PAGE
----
V-Dem also works to make their coders’ assessments comparable across countries and time.

The surveys ask the experts to answer very specific questions on completely explained scales about sub-characteristics of political systems — such as the presence or absence of election fraud — instead of making them rely on their broad impressions.

The surveys are available in English, Arabic, French, Portuguese, Russian, and Spanish to reduce misunderstandings.

Experts further evaluate hypothetical countries, many coded several countries, and they denote their own uncertainty and personal demographic information.

V-Dem then uses this information to investigate expert biases, which they have found to be limited: they only find that experts from a country tend to be stricter in their assessments. 4

How are the remaining differences in the data dealt with?

V-Dem uses a statistical model to address any remaining differences between coders.5

The model combines the experts’ ratings of actual countries and hypothetical countries, as well as the experts’ stated uncertainties and personal demographics to produce best, upper-, and lower-bound estimates of many characteristics.6

V-Dem provides these different estimates for all of its main and supplementary indices, including the Electoral Democracy Index and the subindices for free and fair elections, freedom of association, and freedom of expression.

With the different estimates, V-Dem explicitly acknowledges that its coders can be uncertain or make errors in their measurement.

The overall Electoral Democracy Index score is the result of weighing, multiplying, and adding up the subindices.7

The subindices are weighted because V-Dem considers some of them as more important than others: elected officials and voting rights are weighted less because they capture more formal requirements, as opposed to free and fair elections and the freedoms of association and expression that rely more on expert assessments.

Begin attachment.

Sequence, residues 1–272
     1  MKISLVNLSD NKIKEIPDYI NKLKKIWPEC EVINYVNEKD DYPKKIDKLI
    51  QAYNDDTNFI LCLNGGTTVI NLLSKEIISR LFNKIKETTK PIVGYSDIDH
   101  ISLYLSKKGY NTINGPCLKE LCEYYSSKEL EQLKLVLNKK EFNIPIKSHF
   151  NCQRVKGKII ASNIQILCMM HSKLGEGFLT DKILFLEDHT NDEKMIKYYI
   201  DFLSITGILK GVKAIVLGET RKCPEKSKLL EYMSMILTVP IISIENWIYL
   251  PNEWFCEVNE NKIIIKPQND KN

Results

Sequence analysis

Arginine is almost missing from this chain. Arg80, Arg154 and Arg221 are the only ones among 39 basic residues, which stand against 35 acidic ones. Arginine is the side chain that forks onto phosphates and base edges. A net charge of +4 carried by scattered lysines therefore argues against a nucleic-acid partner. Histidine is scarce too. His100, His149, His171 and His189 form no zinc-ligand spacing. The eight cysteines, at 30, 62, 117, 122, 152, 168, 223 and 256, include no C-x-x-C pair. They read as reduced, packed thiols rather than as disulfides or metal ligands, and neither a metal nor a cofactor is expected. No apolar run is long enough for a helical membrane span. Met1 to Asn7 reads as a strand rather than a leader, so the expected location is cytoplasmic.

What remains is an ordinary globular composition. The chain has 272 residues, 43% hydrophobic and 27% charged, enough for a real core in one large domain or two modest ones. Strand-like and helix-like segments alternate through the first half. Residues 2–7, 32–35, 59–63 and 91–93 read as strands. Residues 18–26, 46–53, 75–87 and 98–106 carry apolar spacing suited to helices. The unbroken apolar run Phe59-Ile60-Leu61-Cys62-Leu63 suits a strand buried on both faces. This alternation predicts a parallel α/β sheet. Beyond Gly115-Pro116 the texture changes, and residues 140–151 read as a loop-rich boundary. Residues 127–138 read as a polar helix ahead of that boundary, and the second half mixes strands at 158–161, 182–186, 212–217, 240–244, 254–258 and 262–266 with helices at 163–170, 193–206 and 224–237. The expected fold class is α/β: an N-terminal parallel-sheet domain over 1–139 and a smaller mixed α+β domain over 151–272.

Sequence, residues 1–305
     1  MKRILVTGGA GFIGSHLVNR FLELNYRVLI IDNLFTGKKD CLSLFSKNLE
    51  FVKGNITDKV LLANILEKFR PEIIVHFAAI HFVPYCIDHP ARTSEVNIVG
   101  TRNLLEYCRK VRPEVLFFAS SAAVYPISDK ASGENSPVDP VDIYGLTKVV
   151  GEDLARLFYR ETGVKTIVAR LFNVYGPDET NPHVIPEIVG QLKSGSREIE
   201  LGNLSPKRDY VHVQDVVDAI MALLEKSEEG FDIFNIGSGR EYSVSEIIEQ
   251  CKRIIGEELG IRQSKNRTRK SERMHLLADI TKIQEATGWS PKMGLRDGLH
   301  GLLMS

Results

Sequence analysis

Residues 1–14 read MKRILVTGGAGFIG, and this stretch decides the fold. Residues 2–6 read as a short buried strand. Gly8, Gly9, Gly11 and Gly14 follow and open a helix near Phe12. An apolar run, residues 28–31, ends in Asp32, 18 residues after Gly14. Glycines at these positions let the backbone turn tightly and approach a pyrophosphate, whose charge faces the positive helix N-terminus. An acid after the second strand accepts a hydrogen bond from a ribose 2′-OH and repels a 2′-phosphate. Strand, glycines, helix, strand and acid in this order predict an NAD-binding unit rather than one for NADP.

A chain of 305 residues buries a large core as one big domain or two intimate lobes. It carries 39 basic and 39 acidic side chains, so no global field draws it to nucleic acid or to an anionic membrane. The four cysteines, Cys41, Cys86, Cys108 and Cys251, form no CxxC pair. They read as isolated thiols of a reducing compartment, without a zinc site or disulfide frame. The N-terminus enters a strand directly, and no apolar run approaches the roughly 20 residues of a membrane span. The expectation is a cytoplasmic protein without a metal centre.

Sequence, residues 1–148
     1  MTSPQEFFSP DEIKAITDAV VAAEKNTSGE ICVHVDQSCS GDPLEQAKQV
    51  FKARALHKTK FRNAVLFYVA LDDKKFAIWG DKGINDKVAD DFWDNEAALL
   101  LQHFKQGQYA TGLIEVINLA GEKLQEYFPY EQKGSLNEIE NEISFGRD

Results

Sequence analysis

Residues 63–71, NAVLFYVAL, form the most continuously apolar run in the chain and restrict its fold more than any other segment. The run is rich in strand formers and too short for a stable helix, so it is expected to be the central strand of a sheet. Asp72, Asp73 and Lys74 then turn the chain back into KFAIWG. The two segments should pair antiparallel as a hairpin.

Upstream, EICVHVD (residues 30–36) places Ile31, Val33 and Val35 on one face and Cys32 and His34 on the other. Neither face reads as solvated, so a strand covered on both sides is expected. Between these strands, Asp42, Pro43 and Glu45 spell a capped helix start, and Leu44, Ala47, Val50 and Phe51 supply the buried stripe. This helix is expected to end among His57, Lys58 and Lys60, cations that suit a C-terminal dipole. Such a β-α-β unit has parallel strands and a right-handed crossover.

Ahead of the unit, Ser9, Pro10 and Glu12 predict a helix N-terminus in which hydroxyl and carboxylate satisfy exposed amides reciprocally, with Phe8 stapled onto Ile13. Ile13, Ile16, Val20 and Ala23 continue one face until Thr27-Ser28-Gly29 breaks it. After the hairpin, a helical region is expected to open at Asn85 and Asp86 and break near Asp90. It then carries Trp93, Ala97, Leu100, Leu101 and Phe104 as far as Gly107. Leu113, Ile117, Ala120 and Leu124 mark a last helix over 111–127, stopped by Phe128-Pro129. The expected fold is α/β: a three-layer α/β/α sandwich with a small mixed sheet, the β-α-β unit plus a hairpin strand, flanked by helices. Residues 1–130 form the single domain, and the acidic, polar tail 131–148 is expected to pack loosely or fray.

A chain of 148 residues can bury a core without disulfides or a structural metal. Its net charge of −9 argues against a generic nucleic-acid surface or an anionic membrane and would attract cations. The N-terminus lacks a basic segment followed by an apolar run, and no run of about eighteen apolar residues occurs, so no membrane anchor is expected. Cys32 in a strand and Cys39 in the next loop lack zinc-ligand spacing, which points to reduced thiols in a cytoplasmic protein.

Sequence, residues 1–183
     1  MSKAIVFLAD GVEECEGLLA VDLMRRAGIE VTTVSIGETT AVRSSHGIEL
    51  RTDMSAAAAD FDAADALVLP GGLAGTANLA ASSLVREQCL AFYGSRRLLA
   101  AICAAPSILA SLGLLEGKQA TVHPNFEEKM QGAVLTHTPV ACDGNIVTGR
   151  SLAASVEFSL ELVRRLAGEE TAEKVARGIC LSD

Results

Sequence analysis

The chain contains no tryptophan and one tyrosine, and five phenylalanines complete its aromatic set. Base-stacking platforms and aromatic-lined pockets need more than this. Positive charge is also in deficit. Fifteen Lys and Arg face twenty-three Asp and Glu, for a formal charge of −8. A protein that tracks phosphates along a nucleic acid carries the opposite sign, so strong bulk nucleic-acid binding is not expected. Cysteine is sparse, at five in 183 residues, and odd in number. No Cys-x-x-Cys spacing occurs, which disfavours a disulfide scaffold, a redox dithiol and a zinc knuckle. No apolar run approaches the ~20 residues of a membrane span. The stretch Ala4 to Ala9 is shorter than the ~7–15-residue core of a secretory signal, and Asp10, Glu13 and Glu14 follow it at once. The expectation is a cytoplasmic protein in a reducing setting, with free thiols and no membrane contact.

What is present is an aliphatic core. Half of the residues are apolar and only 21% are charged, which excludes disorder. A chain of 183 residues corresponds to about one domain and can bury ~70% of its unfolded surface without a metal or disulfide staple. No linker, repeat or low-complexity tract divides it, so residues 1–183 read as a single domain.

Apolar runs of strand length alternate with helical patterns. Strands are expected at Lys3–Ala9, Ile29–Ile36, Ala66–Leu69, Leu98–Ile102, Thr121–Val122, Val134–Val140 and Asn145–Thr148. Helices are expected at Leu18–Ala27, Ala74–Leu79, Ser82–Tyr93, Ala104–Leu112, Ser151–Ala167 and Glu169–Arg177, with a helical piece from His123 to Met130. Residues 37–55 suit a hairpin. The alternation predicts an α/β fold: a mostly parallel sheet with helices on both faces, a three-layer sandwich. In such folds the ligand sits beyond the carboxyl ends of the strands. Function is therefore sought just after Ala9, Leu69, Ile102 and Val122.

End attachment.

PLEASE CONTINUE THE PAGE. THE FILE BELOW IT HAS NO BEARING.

The subindices are partially multiplied and partially added up because V-Dem wants the subindices to partially compensate for one another, and partially for them to reinforce each other. An example of compensation is voting rights partially making up for a lack of rights to assemble and protest, whereas an example of reinforcement is voting rights mattering more if voters can also choose opposition candidates.

How is the data made accessible and transparent?

V-Dem releases its data publicly, and makes it straightforward to download and use.

It publishes the overall scores, the underlying subindices, and several hundred specific questions by country-year, country-date, and coder.

V-Dem also releases detailed descriptions of how they characterize democracy, the questions and coding procedures that guide the experts and researchers, as well as why it weighs, adds, and multiplies the scores for specific characteristics.

How do we change the data?

In our work, we expand the years covered by V-Dem further.

To expand the time coverage of today’s countries and include more of the period when they were still non-sovereign territories, we identified the historical entity they were a part of and used that regime’s data whenever available.8

We also calculated regional and global averages of the Electoral Democracy Index and its sub-indices, weighted and unweighted by population.

Our code and data are available on GitHub and record our revisions in detail.

How often and when is the data updated?

V-Dem releases a new version of the data each year in March.

We at Our World in Data aim to update our own data within a few weeks of the release.

What are the data’s shortcomings?

There are shortcomings in the way the Electoral Democracy Index characterizes and measures democracy.9

The index focuses on an electoral understanding of democracy and does not account for other characterizations, such as democracies as egalitarian political systems, in which political power is equally distributed to allow everyone to participate. This means that some of the most economically-unequal countries in the world, such as Brazil and South Africa, are classified as broadly democratic in recent years.10

V-Dem also does not cover some countries with very small populations.